Abstract. The photosynthesis of previtamin D3 from
7-dehydrocholesterol in human skin was determined after exposure to narrow-band
radiation or simulated solar radiation. The optimum wavelengths for the
production of previtamin D3 were determined to be between 295 and 300
nanometers. When human skin was exposed to 295 nanometer radiation, up to 65
percent of the original 7-dehydrocholesterol content was converted to previtamin
D3. In comparison, when adjacent skin was exposed to simulated solar radiation,
the maximum formation of previtamin D3 was about 20 percent. Major differences
in the formation of lumisterol3 and tachysterol3 from
previtamin D3 were also observed. It is concluded that the spectral character of
natural sunlight has a profound effect on the photochemistry of
7-dehydrocholesterol in human skin.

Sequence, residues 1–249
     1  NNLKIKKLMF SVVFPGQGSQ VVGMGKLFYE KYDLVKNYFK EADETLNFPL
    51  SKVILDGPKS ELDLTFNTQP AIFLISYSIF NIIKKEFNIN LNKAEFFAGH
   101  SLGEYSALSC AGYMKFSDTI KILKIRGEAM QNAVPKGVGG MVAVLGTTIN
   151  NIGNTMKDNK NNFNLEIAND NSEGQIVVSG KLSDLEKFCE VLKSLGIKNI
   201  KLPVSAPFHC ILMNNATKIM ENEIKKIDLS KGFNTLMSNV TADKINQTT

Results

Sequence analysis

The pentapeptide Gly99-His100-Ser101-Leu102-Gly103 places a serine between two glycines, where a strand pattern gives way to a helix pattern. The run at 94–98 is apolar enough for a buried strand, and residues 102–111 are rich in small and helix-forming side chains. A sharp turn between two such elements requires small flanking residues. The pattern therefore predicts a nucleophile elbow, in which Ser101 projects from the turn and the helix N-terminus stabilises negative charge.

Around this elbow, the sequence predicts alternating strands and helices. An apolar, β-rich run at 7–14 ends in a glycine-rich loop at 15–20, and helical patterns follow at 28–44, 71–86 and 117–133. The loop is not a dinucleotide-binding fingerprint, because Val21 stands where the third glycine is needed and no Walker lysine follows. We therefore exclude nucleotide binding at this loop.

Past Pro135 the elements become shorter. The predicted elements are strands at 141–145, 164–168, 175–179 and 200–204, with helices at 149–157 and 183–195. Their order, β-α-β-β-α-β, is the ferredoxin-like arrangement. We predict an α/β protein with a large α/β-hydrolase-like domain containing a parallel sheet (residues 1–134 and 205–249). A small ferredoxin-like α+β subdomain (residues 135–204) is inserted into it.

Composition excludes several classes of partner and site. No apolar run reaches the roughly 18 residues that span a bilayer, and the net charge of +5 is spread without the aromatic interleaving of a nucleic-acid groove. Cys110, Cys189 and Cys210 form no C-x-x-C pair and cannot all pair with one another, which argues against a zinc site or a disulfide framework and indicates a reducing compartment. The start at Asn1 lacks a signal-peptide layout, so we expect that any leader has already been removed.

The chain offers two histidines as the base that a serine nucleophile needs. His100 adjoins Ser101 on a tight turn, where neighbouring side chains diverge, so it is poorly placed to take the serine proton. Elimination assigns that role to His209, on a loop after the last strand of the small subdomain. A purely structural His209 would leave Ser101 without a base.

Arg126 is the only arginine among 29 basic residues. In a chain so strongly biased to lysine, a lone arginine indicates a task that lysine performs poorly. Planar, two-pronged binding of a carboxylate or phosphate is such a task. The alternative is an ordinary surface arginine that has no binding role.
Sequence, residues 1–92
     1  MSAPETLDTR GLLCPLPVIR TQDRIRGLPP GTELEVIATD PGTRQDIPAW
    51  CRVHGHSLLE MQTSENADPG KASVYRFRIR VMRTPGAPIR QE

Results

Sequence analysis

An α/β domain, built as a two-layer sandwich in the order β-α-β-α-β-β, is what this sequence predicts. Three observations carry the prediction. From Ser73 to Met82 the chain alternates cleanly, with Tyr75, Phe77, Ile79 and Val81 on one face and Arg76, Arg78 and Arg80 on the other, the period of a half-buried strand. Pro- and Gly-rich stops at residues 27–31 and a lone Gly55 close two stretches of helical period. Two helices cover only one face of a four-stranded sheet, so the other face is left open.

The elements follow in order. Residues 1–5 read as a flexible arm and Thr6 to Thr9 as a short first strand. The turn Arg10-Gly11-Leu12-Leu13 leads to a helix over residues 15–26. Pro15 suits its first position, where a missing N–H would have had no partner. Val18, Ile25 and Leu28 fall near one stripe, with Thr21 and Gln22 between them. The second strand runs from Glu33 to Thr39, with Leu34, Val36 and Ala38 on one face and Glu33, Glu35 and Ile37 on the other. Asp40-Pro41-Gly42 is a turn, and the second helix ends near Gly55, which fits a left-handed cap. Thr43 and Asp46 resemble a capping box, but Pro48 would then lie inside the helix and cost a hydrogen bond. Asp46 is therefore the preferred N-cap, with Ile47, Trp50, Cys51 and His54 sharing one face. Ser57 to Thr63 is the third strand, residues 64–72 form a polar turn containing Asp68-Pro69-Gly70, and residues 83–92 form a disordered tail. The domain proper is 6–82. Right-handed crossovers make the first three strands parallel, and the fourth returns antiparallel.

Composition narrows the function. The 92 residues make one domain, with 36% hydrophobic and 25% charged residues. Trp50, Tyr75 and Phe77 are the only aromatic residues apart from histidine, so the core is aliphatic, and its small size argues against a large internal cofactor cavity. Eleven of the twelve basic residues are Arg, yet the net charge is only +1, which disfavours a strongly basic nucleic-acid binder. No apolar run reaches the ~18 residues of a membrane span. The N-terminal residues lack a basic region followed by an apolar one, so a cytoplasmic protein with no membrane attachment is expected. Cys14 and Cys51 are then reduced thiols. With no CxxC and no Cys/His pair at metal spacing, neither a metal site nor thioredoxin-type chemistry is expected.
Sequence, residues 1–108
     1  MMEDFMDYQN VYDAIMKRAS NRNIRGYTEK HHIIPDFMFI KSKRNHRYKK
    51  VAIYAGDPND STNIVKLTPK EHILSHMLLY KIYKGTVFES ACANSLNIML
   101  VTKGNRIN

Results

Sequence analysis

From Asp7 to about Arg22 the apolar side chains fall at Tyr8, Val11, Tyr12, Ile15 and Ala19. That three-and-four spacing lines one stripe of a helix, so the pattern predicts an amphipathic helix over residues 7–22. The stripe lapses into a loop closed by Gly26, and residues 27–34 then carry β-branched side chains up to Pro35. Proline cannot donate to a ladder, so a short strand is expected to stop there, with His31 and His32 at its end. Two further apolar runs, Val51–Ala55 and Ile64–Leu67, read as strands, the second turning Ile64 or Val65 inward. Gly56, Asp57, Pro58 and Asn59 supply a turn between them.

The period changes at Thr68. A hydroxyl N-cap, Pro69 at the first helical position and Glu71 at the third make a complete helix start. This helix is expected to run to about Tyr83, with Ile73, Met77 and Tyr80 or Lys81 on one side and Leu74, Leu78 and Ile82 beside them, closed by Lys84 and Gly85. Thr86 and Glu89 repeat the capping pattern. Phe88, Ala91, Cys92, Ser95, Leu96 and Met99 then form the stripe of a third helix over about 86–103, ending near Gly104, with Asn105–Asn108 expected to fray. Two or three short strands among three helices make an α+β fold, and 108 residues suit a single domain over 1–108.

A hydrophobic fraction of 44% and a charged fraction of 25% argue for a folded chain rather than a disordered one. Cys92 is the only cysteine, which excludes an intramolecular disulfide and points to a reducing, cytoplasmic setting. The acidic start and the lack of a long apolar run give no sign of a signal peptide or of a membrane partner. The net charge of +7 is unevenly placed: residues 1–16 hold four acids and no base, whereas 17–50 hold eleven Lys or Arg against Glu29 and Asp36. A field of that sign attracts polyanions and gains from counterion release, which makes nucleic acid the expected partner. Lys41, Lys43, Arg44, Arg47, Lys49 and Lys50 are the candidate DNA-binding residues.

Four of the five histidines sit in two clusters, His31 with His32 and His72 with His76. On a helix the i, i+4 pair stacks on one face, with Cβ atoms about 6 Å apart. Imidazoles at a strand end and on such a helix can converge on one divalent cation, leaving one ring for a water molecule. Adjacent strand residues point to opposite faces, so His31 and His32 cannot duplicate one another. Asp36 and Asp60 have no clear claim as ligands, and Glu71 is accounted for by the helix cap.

Man, evolving in an environment bathed in sunlight, developed a variety of physiological responses to solar radiation. One of the best characterized sunlight-mediated cutaneous events in man is the photosynthesis of vitamin D3. Exposure to sunlight causes the photochemical transformation of 7-dehydrocholesterol (7-DHC to previtamin D3 (preD3) in human skin (1). The preD3 isomerizes by heat to vitamin D3 or by ultraviolet (UV) radiation to lumisterol3 and tachysterol3 (Fig. IA). The isomerizations of preD3, lumisterol3, and tachysterol3 are photoreversible reactions and therefore determine in part the yield of preD3 and, ultimately, of vitamin D3 that is produced in the skin. Equipped with the capability of carefully monitoring this well-defined photochemical event in human skin, we investigated the effect of monochromatic radiation on this photochemical reaction and compared it with that resulting from exposure to simulated sunlight. We observed that there were major differences in both the conversion of 7-DHC to preD3 and the photoisomerization of preD3 to lumisterol3 and tachysterol3 in human epidermis exposed to narrow-band (295-nm) radiation compared with epidermis exposed to simulated or natural solar radiation. We report that the spectral character of natural sunlight is an important factor that modulates the photosynthesis of preD3, lumisterol3, and- tachysterol3 in human skin. Surgically obtained type III human skin was separated by heat (1, 2) and then exposed at room temperature to narrow-band radiation, obtained from a 5-kW xenon arc lamp and a monochromator system (Jobin-Yvon HL300), with a half-band width of either 5 or 3 nm. Immediately after irradiation, epidermal lipids were extracted and chromatographed to determine the amount of 7DHC and its photoproducts (1-3). Figure 1B illustrates an action spectrum thus obtained for the production of preD3 from 7-DHC in human epidermis. The optimum wavelengths for the production of preD3 are between 295 and 300 nm, with an apparent maximum near 297 nm, results similar to those obtained in the rat and in organic solvents (4-7).